M24 acts on P(Ω). According to SPLAG, Ch. 10, section 2.6, a subset of size n < 12 is classified as special if it contains or is contained in an octad, umbral if it is contained in a dodecad (but not an octad), and otherwise transverse. These orbits of P(Ω) are denoted by Sn, Un, and Tn respectively. A subset of size 12 is umbral if it is a dodecad, extraspecial if it contains 3 octads, special if it contains exactly 1 octad, penumbral if it contains exactly 11 points of a dodecad, and transverse otherwise. These orbits of P(Ω) are denoted by U12, S12+, S12, U12-, and T12 respectively. Subsets of size n>12 are described by the same terms as their complements, so that a set lies in Sn, Un, or Tn if and only if its complement lies in S24-n, U24-n, or T24-n, respectively.

The orbits of the action of M24 on P(Ω) can be distinguished by the following invariants. Let S be an element of P(Ω). Obviously, the cardinality of S is an invariant. Let S* be the set of minimal coset representatives of S in G* (S* will have either one element of size at most 3, or six elements of size 4). The cardinality of the elements of S* is an invariant. The multiset of intersection sizes of each of the elements of S* with S is also an invariant. It turns out that these three invariants are sufficient to distinguish the orbits of P(Ω), and form a complete set of invariants. The table of invariants for each orbit of size between 6 and 12 is given below. (For sets of size < 6, there is only one orbit of each size, by the quintuple transitivity of M24.)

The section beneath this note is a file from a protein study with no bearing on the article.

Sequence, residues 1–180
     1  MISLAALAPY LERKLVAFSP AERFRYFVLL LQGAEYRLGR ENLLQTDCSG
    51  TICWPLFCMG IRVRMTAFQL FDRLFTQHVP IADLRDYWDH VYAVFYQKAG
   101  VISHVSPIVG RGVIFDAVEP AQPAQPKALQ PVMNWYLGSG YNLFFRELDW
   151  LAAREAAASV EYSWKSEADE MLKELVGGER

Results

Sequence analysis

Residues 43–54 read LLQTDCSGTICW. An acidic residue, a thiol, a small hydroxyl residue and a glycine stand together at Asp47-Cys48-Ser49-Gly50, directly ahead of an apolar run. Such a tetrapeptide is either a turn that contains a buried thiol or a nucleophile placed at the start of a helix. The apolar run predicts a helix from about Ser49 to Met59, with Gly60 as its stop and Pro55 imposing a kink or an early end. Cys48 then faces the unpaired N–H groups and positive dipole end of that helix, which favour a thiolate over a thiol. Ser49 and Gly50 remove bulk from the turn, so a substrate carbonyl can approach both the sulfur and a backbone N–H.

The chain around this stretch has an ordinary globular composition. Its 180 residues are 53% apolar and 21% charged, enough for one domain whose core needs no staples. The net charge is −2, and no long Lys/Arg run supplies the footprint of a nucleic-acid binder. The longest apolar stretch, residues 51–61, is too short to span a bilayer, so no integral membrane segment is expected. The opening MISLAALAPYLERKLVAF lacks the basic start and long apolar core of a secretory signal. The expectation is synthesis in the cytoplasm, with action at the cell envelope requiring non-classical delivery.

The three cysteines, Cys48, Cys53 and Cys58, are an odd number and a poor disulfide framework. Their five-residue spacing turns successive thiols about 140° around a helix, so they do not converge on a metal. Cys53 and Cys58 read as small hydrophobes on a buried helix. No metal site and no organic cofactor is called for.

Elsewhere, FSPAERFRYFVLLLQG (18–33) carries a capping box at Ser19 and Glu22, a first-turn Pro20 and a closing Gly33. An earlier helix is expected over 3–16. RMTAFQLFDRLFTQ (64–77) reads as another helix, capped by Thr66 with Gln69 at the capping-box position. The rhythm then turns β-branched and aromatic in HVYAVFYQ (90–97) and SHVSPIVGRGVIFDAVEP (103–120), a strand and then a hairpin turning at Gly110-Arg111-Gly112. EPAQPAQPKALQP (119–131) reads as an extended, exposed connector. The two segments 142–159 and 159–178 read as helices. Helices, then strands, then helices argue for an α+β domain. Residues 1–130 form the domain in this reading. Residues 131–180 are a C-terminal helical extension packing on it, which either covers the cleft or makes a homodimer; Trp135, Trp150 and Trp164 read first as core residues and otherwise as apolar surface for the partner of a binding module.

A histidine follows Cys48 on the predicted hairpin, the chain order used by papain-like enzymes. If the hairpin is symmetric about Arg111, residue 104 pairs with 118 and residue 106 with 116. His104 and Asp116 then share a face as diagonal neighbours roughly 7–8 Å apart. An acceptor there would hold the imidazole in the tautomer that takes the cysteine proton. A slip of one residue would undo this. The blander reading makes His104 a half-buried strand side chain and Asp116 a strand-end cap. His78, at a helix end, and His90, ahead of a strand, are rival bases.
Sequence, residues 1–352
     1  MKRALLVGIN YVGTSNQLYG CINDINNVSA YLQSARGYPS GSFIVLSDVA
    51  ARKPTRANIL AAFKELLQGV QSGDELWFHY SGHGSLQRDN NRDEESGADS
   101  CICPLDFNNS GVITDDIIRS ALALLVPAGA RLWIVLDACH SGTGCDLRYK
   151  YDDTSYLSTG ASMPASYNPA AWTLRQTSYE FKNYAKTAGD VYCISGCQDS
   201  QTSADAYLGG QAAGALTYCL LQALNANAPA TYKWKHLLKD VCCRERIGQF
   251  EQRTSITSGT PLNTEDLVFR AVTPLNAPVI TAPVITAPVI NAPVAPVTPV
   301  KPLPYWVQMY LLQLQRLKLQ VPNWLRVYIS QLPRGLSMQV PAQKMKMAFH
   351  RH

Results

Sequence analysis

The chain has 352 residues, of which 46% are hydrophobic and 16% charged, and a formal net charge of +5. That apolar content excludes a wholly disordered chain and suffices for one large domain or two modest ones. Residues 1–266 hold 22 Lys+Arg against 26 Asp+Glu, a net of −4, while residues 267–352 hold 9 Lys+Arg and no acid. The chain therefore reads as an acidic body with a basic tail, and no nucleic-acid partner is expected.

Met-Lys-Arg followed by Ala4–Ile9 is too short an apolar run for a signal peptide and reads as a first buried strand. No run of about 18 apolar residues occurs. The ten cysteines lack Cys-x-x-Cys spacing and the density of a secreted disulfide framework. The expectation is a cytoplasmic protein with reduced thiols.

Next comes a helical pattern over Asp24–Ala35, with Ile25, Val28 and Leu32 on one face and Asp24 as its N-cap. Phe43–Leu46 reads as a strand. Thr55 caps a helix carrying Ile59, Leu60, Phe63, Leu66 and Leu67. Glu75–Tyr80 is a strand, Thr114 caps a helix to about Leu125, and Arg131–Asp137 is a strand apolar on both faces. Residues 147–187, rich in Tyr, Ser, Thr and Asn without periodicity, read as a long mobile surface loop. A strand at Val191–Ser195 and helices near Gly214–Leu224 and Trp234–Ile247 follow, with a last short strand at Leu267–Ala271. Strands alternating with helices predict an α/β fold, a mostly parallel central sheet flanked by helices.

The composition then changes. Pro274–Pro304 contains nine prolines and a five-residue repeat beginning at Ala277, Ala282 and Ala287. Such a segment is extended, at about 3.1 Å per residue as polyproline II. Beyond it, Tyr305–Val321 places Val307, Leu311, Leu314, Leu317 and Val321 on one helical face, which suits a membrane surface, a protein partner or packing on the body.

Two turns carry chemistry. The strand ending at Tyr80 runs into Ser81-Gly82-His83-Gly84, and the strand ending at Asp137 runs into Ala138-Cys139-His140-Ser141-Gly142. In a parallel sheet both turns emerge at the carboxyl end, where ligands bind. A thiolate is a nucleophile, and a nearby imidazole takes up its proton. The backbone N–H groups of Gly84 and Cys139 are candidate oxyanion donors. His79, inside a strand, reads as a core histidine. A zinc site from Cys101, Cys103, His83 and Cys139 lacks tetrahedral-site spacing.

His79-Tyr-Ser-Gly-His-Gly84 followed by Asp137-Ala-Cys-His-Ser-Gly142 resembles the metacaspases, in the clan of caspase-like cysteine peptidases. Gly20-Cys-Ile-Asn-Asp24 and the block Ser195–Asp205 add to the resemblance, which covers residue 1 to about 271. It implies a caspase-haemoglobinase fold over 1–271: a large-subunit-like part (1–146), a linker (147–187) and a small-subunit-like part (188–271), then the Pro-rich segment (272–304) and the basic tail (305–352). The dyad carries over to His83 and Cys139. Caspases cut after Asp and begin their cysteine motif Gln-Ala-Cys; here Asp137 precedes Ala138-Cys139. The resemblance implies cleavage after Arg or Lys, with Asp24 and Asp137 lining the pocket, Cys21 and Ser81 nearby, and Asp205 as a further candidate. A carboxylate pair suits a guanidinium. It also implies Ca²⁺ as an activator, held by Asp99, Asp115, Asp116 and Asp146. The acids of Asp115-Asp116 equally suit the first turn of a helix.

ClassMin coset rep sizeIntersection sizesClassMin coset rep sizeIntersection sizes

If S is an element of P(Ω), let Stab(S) be the subgroup of M24 stabilizing S as a set. Consider the action of Stab(S) on Ω. It turns out that two elements x, y of Ω lie in the same orbit of Stab(S) if and only if the subsets S + {x} and S + {y} lie in the same orbit in the action of M24 on P(Ω). In SPLAG, Ch. 10, Figure 10.1, there is a diagram indicating how many ways there are to remove or add an element from a given class of size n to produce a given class of size n-1 or n+1. In the above tool, these orbits can be shown by clicking the "Orbit" button.

In some cases (including, but not limited to, those cases where a minimal coset representative has size 4), the action of Stab(S) on Ω is imprimitive on some orbits, and the block decomposition of these orbits can be shown by clicking the "Block" button. (Note that for T10, there are 2 block decompositions for the orbit of size 12; only one of them is shown.)

A summary of the imprimitive orbits is given in the table below. An equation such as 20=5*4 means an orbit of size 20 which splits into 5 blocks of size 4. If an equation appears multiple times, that means there are multiple orbits which decompose into blocks in the indicated way. When not obvious, a class name appears (e.g. U8 instead of just 8) to indicate the class to which an orbit or block belongs.

ClassImprimitive orbits
U8U8=4*2, U8=4*2, S8=2*4
T10S6=2*3, S12+=4*3=3*4 (two block decompositions)
S11S8=2*4, S12+=3*4
S12+S12+=3*4, S12+=3*4
S12S8=4*2, S8=4*2
T12T12=6*2, T12=6*2